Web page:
When I moved from Newcastle to live with my girlfriend in the sunny south, I made the bold decision not to take my computer. As a PC gamer it should come as no surprise that the one thing I seriously missed was modding.
The modding community has been the backbone of PC gaming from it’s inception. The likes of Doom and Quake gave birth to so many fantastic products that stood on their own, outside of the original scope of the engine’s designers, and many high profile commerical games were released because a few guys and gals sat down and said “we should give the power to the user here”.
More recently, mods have become less about total conversion and more about prolonging the lifespan of some of our favourite games, adding content and features, fixing some issues that went unnoticed. Unsurprisingly, Bethesda seem to be the ones to profit most from this, with the modding community grouping together to create fixes for The Elder Scrolls and Fallout series and creating a wealth of new, additional content for all to enjoy.
AAA development is hard. Publishers are breathing down the necks of developers to push out a product by a date that is set by analysts in order to meet the [special time of year] demand. As a result, games are sometimes released as expensive, buggy messes that leaves the end users jaded. (I’m looking at you, Assassin’s Creed: Unity.)
As I mentioned earlier, one of the games that really benefited from modding was Fallout 3. Here’s a game that was seemingly built on outdated hardware, reliant on an x86 architecture, which was released at a time when quad core processors were becoming common place. As a result, if you had a brand new gaming computer, good luck playing Bethesda’s latest offering.
In stepped the modding community, creating various bug fixes for the game and it’s DLC, extending the ever popular GNR radio, and even going as far as a complete graphical overhaul. And here lies a problem… Fallout 3 is hardly what we could consider a “stable” game. In fact, for me — even on my ageing computer — to get an hour or so of gameplay out of it without a CTD (crash to desktop) is an achievement unto itself. So when you add some mods to it, problems arise very quickly.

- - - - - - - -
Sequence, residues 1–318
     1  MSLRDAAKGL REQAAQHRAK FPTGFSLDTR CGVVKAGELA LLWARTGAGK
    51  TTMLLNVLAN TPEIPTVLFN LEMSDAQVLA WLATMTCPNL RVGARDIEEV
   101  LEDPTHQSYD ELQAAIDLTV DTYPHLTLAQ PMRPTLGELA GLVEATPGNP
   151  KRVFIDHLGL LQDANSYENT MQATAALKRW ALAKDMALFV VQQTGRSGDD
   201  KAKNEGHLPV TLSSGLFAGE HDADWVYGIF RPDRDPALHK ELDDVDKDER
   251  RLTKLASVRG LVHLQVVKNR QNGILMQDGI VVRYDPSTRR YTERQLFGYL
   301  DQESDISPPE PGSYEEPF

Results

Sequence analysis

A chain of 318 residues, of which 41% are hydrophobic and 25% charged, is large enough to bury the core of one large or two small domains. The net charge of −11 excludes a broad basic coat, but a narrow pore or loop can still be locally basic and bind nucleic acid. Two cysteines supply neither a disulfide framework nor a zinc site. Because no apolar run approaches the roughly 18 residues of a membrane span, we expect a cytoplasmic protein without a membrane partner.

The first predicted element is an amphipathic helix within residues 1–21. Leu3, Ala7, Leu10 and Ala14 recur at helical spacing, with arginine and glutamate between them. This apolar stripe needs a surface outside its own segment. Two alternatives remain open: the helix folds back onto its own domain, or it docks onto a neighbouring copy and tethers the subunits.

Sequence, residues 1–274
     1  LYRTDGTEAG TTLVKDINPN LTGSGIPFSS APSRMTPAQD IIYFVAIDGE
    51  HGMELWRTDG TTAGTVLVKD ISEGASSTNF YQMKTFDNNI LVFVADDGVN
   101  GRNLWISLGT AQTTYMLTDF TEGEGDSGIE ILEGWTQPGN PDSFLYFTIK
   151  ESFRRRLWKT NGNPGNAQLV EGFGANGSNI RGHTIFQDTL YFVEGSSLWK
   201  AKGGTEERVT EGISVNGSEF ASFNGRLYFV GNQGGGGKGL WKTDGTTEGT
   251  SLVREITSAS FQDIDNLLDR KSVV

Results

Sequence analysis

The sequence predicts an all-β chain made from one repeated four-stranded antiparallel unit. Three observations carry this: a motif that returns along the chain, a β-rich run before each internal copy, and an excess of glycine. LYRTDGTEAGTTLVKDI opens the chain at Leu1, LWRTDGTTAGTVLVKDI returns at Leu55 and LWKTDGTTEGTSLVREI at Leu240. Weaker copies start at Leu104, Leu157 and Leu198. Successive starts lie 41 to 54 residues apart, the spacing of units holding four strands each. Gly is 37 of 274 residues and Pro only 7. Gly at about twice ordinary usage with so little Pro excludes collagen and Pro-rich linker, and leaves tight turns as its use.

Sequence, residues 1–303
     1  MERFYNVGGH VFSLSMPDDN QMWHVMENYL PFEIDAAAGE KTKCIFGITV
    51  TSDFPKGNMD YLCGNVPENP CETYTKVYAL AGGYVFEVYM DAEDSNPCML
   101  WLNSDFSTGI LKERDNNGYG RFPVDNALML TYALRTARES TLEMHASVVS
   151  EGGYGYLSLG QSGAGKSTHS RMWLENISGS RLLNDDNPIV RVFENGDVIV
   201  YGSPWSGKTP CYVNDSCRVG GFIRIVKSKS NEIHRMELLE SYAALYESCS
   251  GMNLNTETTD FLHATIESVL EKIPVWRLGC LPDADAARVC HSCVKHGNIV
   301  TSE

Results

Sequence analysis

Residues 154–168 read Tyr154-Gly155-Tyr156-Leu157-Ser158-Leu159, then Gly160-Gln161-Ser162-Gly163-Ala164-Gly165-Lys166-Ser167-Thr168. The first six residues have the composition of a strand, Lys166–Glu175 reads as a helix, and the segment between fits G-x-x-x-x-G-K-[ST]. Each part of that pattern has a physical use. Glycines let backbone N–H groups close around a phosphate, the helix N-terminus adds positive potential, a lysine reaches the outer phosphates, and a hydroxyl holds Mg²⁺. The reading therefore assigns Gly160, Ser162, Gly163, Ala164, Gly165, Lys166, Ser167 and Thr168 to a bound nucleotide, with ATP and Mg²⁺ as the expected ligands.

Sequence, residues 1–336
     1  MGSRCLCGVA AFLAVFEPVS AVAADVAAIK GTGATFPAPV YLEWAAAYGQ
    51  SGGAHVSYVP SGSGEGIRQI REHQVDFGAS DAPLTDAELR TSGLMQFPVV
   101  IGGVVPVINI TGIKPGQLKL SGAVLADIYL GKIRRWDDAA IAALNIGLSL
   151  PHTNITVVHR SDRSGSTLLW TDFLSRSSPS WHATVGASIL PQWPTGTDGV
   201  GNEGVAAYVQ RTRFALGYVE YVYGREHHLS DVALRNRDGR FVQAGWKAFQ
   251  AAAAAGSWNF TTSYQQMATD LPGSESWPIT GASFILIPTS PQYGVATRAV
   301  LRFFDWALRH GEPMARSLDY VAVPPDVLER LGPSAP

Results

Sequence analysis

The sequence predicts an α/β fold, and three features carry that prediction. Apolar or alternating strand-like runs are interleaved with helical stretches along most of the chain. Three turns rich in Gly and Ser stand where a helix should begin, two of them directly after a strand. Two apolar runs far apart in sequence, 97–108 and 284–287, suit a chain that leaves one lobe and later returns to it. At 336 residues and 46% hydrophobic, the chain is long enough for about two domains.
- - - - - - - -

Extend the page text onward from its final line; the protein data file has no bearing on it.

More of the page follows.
But in stepped the modding community! BOSS, a program that corrected load order with your mods, was adjusted to work with the newer games and suddenly a semblence of stability sweeped over the games (and by ‘stability’, I mean “made it slightly less stable than the original game).
While Fallout 3 had Bethesda and a dedicated team to take care of it, the mods have only the community. Eventually, modders will leave the scene and the mods will often stay up for all to access, use, and enjoy. Even the most popular files will eventually fall by the wayside as game updates slow, and due to some mods needing other mods (dependencies), if your modification requires another fileset that is no longer supported, it’s bad news for you, your team, and those who subscribe to your file.
Real life gets in the way of the teams of people that created and supported them, and unlike game development teams, who are expected to support a game until their next major release, mod teams are part of the gaming community, and often strive to give the quality that they have come to expect, and will support the mods they have made almost indefinately.